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Some Things Were Better
Being a Curmudgeon and potential Old Geezer, I have some complaints. Young people probably believe the world is getting better and maybe it is, but there were some things that were better a few years ago. For instance:
1. When you were in a store and dealing with the salesperson, they were not talking on the phone. They paid full attention to you. Like you were a real person with feelings (not to mention money to spend). Now, in many stores and businesses, the person behind the counter is talking on the phone while waiting on you. This makes me feel like I'm either invisible or nothing but an annoying interruption in the salesperson's day. I would also like to know why salespeople interrupt a transaction with an actual customer for a potential customer on the telephone. Shouldn't the telephone customer be told to wait until the sale with the physically present one is finished?
2. They used to give you your change by dropping the coins into your hand, which you quickly dropped into your change purse. Then they handed you the bills and receipt, or better yet, stuck the receipt in your bag with your merchandise. Now they pile the whole mess on your hand with the coins on top sliding all over the place.
3. Stores and businesses used to have an operator. This was someone with an impersonally kind voice who immediately connected you to the department you asked for. Now they have Phone Menus from Hell which waste hours of your time and cause anxiety, depression and the desire to climb on top of buildings and shoot people. I don’t understand how the installation of all this fancy equipment costs less than paying one person to be the operator and do the job right.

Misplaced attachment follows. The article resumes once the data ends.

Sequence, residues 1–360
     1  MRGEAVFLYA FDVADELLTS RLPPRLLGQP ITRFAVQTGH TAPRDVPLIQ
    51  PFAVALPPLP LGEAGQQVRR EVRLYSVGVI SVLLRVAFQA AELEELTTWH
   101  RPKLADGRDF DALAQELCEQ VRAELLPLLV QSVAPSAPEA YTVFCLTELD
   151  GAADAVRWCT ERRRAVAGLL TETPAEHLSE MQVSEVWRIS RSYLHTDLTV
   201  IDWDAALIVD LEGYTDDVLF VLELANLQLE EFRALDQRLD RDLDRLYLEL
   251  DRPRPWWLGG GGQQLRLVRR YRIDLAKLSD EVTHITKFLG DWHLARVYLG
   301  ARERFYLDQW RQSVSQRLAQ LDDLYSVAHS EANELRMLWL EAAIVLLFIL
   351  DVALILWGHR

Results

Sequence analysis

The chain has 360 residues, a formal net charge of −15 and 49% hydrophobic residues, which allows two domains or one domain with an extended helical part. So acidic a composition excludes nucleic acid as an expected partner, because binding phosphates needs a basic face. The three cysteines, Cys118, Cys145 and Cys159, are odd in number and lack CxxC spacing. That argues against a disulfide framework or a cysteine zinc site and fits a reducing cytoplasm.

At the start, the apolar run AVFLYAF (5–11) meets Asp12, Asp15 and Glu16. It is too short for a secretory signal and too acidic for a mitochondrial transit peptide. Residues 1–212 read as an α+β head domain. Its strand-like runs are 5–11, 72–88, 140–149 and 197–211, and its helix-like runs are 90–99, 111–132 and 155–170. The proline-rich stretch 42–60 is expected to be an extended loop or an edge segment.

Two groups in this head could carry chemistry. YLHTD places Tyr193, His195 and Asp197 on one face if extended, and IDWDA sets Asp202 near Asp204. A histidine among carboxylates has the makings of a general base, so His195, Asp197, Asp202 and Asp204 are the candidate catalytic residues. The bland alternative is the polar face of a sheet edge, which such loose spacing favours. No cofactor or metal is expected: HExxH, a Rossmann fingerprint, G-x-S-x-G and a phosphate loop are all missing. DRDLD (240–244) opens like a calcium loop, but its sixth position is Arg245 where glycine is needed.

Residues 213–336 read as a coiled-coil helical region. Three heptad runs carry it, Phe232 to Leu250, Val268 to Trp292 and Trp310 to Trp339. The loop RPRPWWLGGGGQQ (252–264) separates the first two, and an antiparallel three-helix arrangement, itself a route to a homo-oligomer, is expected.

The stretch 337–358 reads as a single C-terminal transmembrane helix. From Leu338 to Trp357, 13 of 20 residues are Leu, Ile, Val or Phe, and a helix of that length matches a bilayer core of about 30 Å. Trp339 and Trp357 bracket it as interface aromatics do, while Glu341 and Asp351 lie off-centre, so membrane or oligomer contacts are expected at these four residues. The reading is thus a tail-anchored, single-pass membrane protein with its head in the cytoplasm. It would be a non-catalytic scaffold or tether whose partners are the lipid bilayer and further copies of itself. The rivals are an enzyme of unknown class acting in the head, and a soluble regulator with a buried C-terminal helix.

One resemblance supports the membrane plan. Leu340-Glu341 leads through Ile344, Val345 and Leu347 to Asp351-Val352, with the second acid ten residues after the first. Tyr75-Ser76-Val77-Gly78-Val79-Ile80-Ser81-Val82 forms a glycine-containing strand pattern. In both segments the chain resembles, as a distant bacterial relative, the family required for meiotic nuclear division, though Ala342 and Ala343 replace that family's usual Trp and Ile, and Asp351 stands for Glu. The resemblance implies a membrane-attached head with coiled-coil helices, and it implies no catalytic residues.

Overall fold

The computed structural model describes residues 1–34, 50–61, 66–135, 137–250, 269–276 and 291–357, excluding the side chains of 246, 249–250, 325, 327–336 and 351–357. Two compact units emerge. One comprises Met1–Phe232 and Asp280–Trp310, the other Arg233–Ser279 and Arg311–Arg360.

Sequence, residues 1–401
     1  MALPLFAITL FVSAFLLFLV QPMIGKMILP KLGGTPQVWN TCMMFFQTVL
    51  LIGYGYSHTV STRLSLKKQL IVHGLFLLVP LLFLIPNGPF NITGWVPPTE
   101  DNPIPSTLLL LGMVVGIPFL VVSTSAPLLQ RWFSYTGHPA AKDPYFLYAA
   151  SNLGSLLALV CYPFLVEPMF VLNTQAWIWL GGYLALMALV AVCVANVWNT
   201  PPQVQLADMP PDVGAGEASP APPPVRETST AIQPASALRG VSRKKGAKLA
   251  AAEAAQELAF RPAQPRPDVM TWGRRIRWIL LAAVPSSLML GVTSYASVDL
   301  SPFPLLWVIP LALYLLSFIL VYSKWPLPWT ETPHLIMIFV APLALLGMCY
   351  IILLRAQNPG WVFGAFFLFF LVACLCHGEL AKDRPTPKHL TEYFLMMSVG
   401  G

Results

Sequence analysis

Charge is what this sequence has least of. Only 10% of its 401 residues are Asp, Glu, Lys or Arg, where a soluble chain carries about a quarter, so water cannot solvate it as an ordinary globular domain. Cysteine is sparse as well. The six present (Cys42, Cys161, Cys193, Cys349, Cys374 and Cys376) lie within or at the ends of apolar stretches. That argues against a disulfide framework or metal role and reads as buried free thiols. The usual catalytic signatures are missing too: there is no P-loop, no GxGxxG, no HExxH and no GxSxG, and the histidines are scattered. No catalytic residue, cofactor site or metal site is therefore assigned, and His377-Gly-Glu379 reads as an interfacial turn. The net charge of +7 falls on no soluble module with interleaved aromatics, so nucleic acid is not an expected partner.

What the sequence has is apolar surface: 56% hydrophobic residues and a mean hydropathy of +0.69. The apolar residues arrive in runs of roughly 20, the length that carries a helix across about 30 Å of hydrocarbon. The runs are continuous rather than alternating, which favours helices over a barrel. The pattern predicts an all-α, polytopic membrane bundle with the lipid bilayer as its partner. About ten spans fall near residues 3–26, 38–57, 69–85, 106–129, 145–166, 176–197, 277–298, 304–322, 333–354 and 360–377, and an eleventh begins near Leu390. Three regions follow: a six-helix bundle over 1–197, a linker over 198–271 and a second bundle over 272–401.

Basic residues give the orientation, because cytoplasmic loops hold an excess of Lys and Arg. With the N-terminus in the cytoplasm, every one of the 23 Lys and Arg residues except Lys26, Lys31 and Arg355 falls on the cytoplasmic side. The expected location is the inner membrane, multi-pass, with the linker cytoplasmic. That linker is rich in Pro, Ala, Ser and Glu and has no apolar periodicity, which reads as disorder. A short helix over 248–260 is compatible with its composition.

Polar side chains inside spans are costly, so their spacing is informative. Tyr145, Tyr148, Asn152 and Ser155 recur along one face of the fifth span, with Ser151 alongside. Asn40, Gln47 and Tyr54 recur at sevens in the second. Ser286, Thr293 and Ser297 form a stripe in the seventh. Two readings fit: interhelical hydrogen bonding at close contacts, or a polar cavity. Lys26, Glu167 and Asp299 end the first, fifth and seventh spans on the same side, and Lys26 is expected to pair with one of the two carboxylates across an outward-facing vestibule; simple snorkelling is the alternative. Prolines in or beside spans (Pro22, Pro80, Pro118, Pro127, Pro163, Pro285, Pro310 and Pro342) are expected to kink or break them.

And 4. Even if you understand the Phone Menu from Hell, when it finally rings the department you requested, no one answers and in the extremely rare instance that they do, they don’t know anything. Store and business people used to know a lot. Furniture salespeople actually knew about their furniture, appliance salespeople knew the appliances, etc. There were actually saleswomen who fit you for a bra. Believe it or not. Today, it seems the only salespeople who know anything sell hardware.
Oh well, at least today we have DVD players and airbags.
Ten Commandments? No Thanks!
America's ongoing fetish for the Ten Commandments continues unabated. As recent local print ads indicate, there is a new national organization to promote the idea that they are "the moral foundation and anchor of American culture and society", and to combat evil secularism. Before anyone falls for this ponderous rhetoric, we need to realize a few things.